General presentation

Traditional speech and language technologies are trained with massive amounts of text and/or expert knowledge. This is not sustainable: the majority of the world’s languages do not have reliable textual or expert resources. Even in high resourced languages, there is a large domain mismatch between oral and written uses of language.

But infants learn to speak their native language, spontaneously, from raw sensory input, without supervision from text or linguists. It should be possible to do the same in machines!

The ultimate goal of the “Zero Resource Speech Challenge” f1 is to construct a system that learn an end-to-end Spoken Dialog (SD) system, in an unknown language, from scratch, using only raw sensory information available to an early language learner.

The Zero Resource speech challenge addresses an ambitious fundamental scientific question for Artificial Intelligence: how can a system autonomously acquire language? While it is solved, it can help with three practical applications:

The Zero Resource Challenge series is constructed to progress incrementally towards this goal, by proposing achievable but progressively harder objectives, building and open sourcing the core technological components that are needed for an autonomous SD system along the way (see Figure 1).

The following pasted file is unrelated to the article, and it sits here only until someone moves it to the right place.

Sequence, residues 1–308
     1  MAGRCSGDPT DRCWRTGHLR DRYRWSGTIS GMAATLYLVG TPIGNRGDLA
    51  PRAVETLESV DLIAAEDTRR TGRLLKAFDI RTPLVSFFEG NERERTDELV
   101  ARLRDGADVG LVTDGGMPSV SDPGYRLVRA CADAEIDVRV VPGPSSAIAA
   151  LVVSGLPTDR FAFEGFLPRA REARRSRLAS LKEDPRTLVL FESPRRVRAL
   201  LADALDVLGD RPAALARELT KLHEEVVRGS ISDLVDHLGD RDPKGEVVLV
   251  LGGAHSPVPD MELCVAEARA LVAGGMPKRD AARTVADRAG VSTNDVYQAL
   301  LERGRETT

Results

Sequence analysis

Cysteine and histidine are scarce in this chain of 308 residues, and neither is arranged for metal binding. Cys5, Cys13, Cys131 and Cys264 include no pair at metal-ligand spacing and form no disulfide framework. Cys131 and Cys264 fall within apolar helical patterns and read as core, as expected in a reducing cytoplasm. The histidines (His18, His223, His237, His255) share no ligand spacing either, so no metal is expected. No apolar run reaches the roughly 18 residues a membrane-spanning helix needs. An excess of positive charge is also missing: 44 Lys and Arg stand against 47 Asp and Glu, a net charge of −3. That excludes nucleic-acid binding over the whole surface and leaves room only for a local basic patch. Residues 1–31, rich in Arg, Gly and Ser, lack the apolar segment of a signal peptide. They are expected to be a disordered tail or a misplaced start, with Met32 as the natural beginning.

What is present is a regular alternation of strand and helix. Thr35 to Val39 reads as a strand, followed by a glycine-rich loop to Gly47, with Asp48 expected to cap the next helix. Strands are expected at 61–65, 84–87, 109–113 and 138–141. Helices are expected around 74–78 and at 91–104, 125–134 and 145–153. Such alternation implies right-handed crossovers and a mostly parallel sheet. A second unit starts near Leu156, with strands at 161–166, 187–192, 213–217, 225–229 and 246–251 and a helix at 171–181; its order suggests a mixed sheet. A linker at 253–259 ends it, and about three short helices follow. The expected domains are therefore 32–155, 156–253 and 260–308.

Figure 1. General outline of a spoken dialogue system, and positioning of the 5 ZR Challenges so far.

Weakly/Un-supervised learning is tricky to evaluate. We use two kinds of evaluations: (1). Unit testing: Each core component is evaluated by a specific set of metrics, inspired by psychometrics and linguistics. These tests do not guarantee that an entire system will work well, but they are useful to debug and understand the systems. (2). Application testing: as the challenge aggregate more components, useful applications will be possible to construct (e.g. Task 1b is low bitrate speech resynthesis), making it possible to use more standard evaluation techniques.

So far, five ZeroSpeech challenges have been organized in 2015, 2017, 2019, 2020, the latest being in 2021. Please click on the corresponding tab for more information.


The Zero Resource Challenge 2015 is presented here:

and the results are discussed here:

The Zero Resource Challenge 2017 is presented and discussed here:
The Zero Resource Challenge 2019 is presented and discussed here:
The Zero Resource Challenge 2020 is presented and discussed here: